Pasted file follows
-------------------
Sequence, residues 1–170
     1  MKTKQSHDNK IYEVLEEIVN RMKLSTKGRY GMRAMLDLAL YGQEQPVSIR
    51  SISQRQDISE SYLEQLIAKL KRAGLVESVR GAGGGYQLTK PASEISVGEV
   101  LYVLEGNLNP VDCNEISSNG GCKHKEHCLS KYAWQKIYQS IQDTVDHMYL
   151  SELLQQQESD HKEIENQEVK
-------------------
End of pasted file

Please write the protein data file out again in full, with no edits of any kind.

Sequence, residues 1–170
     1  MKTKQSHDNK IYEVLEEIVN RMKLSTKGRY GMRAMLDLAL YGQEQPVSIR
    51  SISQRQDISE SYLEQLIAKL KRAGLVESVR GAGGGYQLTK PASEISVGEV
   101  LYVLEGNLNP VDCNEISSNG GCKHKEHCLS KYAWQKIYQS IQDTVDHMYL
   151  SELLQQQESD HKEIENQEVK